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Scherer v. Berryhill

United States District Court, N.D. West Virginia

April 4, 2018

HANS D. SCHERER, Plaintiff,
v.
NANCY A. BERRYHILL, Deputy Commissioner for Operations, Social Security Administration Defendant.

          REPORT AND RECOMMENDATION

          JAMES E. SEIBERT U.S. MAGISTRATE JUDGE

         I. SUMMARY

         The Plaintiff advances three arguments, none of which the Court finds persuasive. Therefore, the Court recommends that the Plaintiff's [ECF Nos. 8 and 13] Motions for Summary Judgment be denied and the Commissioner's [ECF No. 11] Motion for Summary Judgment be granted.

         First, the Plaintiff argues that the Defendant improperly determined that the Plaintiff did not meet the severity of one of the impairments contained in the listings. However, the evidence pointed to by Plaintiff was not presented prior to the Administrative Law Judge's (“ALJ”) decision, so the Appeals Council properly determined it could not be considered. Furthermore, there is substantial evidence cutting the other way which supports the ALJ's conclusion.

         Second, the Plaintiff argues that the ALJ failed to properly develop the record with respect to the Plaintiff's spinal condition, and the Appeals Council erred in not consulting a medical expert before reaching a decision. Yet, the ALJ developed the record, his decision is supported by substantial evidence, and the decision of whether or not to make inquiries of a medical expert is discretionary. Also, the evidence Plaintiff says should have led the Appeals Council to consult a medical expert was properly not considered by the Appeals Council.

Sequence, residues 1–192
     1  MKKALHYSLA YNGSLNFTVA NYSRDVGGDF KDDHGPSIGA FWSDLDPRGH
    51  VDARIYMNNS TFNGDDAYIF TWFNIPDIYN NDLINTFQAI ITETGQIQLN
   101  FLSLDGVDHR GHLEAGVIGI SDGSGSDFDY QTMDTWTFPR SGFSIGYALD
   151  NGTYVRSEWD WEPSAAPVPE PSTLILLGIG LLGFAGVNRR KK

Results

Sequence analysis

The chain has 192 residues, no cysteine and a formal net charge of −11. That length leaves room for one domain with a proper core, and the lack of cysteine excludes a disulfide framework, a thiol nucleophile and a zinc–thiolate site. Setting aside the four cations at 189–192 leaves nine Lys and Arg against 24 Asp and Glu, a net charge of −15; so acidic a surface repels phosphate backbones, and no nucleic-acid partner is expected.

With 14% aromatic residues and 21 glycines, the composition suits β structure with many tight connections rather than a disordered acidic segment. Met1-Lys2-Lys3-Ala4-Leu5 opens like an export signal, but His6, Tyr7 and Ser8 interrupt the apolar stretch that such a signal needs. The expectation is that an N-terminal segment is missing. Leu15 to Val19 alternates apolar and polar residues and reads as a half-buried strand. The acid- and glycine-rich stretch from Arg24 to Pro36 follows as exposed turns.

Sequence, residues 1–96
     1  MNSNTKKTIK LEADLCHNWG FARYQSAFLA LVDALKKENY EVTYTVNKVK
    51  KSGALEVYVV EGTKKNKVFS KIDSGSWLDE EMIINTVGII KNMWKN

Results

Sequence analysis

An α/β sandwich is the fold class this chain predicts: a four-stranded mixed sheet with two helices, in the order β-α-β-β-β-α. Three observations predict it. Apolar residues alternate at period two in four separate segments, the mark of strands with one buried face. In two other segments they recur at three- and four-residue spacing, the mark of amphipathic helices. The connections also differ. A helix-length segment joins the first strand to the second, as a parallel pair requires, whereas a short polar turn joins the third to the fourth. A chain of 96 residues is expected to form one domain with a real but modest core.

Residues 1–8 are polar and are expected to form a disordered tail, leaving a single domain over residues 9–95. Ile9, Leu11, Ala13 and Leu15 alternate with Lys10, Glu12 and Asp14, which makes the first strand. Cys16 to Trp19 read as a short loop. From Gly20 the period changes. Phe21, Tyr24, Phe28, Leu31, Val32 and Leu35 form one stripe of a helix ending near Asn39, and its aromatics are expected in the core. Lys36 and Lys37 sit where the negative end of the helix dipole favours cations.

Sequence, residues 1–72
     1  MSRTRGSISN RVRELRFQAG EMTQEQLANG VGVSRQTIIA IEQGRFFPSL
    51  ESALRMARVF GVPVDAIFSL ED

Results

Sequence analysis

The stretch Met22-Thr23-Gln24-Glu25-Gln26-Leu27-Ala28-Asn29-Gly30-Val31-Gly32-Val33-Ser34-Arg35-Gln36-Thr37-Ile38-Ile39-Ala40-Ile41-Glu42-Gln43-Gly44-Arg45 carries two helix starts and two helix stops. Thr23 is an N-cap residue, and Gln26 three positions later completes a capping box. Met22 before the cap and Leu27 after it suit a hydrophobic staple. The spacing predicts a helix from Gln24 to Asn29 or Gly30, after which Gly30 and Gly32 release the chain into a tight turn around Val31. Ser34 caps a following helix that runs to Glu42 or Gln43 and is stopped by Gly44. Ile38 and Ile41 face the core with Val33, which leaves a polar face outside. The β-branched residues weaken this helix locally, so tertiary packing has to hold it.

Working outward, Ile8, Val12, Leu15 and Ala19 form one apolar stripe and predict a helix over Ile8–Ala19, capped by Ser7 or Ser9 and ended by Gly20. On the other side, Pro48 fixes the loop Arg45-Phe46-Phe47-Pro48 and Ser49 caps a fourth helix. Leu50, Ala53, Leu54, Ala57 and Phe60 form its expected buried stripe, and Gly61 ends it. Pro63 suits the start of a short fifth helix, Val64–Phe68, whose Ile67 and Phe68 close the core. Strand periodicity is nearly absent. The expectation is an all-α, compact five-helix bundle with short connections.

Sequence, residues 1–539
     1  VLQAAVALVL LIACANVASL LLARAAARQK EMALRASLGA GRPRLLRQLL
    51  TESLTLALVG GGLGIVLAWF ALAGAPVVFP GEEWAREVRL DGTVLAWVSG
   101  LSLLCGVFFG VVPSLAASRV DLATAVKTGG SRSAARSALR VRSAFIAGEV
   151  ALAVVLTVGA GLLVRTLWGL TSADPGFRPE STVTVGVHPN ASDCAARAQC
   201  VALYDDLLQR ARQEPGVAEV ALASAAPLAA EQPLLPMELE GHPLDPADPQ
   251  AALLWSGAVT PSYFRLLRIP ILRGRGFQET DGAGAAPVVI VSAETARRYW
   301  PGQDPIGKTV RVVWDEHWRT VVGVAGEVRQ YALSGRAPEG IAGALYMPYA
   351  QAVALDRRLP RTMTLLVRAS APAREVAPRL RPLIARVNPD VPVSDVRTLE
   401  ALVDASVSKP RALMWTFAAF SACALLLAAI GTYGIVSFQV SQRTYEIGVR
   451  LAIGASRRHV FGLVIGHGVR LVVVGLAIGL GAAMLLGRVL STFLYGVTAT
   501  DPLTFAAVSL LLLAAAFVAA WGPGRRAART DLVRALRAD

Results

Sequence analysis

Finally, the Plaintiff argues that the ALJ and Appeals Council failed to give proper weight to the findings and opinions of Plaintiff's physicians. However, as stated above, the ALJ's findings were indeed supported by substantial evidence, and proper weight was given by the ALJ. The Appeals Council properly declined to consider the later evidence presented by Plaintiff because of when it was presented, as will be discussed in more detail below.

         II. PROCEDURAL HISTORY

         On July 3, 2013, the Plaintiff, Hans D. Scherer, filed a Title II application for disability insurance benefits (DIB). R. 64. The Plaintiff's application alleged a disability beginning February 27, 2012. R. 64. The Plaintiff's application was denied on September 4, 2013, and again upon reconsideration on December 4, 2013. R. 64. Thereafter, the Plaintiff filed a request for a hearing on January 18, 2014. R. 64. The Plaintiff, represented by a non-attorney, appeared and testified at a video hearing in Martinsburg, West Virginia on May 19, 2015. R. 64. A vocational expert (“VE”) also testified. R. 64. On June 17, 2015, the ALJ issued an unfavorable decision. R. 61. The Appeals Council denied Plaintiff's request for review of the ALJ's findings on February 7, 2017. R. 1.

         On April 3, 2017, Plaintiff filed a complaint in this Court to obtain judicial review of the decision of the Commissioner of Social Security denying her application. ECF No. 1. The Plaintiff subsequently submitted additional evidence to the Appeals Council, which the Appeals Council declined to consider during the pendency of the action before this Court. R. 1.